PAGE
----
In Greek mythology, Astyanax (; Ancient Greek: Ἀστυάναξ Astyánax, "lord of the city") was the son of Hector, the crown prince of Troy, and his wife, Princess Andromache of Cilician Thebe. His birth name was Scamandrius (in Greek: Σκαμάνδριος Skamandrios, after the river Scamander), but the people of Troy nicknamed him Astyanax (i.e. high king, or overlord of the city), because he was the son of the city's great defender (Iliad VI, 403) and the heir apparent's firstborn son.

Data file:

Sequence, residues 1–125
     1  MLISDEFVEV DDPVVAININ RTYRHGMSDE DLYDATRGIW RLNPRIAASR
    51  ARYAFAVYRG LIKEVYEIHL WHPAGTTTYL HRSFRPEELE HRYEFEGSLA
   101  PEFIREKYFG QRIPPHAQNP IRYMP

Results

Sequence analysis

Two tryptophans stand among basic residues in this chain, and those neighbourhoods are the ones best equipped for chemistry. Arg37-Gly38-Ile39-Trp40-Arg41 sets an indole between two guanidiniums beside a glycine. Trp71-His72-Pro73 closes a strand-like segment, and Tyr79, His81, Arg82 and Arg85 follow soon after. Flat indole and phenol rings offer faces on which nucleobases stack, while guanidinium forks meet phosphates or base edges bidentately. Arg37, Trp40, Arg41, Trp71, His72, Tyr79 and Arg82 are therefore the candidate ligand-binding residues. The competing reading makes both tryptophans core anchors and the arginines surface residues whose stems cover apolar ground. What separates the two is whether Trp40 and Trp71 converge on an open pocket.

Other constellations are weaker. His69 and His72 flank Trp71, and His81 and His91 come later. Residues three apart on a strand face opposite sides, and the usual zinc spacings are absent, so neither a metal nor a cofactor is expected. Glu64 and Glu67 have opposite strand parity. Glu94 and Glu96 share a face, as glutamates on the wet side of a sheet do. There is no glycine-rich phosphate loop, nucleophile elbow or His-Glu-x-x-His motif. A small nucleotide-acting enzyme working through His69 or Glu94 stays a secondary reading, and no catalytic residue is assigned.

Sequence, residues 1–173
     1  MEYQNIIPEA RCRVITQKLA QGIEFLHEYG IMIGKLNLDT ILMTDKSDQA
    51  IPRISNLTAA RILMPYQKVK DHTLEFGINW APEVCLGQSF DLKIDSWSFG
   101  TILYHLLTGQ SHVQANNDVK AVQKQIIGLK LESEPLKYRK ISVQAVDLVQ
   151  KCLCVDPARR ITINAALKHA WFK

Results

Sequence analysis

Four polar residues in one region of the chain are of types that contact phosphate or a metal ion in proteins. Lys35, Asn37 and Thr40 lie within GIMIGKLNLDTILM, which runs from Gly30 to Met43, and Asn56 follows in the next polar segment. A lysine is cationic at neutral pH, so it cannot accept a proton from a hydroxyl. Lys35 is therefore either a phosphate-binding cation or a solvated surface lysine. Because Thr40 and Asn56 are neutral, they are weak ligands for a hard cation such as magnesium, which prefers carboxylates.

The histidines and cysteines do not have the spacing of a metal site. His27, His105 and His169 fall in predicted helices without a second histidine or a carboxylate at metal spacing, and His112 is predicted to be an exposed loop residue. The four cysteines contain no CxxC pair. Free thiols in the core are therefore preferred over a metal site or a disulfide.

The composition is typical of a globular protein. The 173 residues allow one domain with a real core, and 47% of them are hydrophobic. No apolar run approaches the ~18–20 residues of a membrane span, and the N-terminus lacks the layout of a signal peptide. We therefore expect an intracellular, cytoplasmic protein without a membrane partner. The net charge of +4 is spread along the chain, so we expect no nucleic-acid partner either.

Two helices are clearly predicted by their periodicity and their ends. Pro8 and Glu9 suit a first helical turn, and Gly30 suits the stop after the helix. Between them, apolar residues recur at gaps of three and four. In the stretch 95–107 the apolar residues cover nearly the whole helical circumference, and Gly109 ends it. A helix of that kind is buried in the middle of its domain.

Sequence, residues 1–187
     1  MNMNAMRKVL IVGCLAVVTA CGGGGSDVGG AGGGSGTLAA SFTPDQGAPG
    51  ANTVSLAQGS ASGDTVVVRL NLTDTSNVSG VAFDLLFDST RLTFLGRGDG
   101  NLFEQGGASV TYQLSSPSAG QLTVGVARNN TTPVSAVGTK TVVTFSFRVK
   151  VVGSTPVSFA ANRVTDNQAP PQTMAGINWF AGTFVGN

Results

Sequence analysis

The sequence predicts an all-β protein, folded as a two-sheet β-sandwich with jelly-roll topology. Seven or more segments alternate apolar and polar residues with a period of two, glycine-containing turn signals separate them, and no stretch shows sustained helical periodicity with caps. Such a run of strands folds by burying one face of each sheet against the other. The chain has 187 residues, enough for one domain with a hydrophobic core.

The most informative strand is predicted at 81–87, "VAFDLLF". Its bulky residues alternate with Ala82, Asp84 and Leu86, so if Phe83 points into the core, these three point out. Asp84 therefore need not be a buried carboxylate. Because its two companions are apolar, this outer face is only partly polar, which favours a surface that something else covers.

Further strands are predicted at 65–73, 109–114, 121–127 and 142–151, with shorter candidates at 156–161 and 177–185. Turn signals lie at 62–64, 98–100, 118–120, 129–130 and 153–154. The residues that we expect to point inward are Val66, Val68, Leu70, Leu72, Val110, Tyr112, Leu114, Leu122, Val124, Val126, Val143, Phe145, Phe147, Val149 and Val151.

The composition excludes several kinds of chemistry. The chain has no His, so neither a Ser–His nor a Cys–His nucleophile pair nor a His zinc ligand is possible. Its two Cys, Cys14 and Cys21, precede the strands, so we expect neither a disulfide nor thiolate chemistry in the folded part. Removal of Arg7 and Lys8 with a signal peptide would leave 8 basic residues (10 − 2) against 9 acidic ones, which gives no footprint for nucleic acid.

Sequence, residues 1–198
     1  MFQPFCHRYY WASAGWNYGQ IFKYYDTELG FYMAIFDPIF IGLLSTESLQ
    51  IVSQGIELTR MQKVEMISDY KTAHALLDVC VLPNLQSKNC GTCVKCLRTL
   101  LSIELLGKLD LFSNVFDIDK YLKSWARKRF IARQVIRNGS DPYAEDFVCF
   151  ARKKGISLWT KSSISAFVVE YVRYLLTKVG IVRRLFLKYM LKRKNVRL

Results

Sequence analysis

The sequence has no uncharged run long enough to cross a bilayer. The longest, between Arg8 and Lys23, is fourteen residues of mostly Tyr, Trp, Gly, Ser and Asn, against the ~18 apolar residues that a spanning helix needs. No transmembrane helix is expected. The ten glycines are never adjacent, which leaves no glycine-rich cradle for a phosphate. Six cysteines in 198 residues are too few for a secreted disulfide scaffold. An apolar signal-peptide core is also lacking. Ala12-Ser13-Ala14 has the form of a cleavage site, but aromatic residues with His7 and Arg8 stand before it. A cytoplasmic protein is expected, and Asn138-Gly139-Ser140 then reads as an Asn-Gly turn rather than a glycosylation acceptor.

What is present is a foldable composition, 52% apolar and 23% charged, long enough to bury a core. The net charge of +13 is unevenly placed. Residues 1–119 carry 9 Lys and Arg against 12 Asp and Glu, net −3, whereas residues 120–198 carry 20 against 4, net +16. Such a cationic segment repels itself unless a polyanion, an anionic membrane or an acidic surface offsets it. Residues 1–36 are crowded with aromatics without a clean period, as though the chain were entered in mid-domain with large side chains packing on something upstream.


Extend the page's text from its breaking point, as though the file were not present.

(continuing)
During the Trojan War, Andromache hid the child in Hector's tomb, but the child was discovered. His fate was debated by the Greeks, for if he were allowed to live, it was feared he would avenge his father and rebuild Troy. In the version given by the Little Iliad and repeated by Pausanias (x 25.4), he was killed by Neoptolemus (also called Pyrrhus), who threw the infant from the walls, as predicted by Andromache in the Iliad. Another version is given in Iliou persis, in which Odysseus kills Astyanax. It has also been depicted in some Greek vases that Neoptolemus kills Priam, who has taken refuge near a sacred altar, using Astyanax's dead body to club the old king to death, in front of horrified onlookers. In Ovid's Metamorphoses, the child is thrown from the walls by the Greek victors (13, 413ff). In Euripides's The Trojan Women (719 ff), the herald Talthybius reveals to Andromache that Odysseus has convinced the council to have the child thrown from the walls, and the child is in this way killed. In Seneca's version of The Trojan Women, the prophet Calchas declares that Astyanax must be thrown from the walls if the Greek fleet is to be allowed favorable winds (365–70), but once led to the tower, the child himself leaps off the walls (1100–3). For Hector's mother, Hecuba, Astyanax was the only hope and consolation, and his death's announcement was a terrible climax of the catastrophe. Other sources for the story of the Sack of Troy and Astyanax's death can be found in the Bibliotheca (Pseudo-Apollodorus), Hyginus (Fabula 109), Tryphiodorus (Sack of Troy 644–6).

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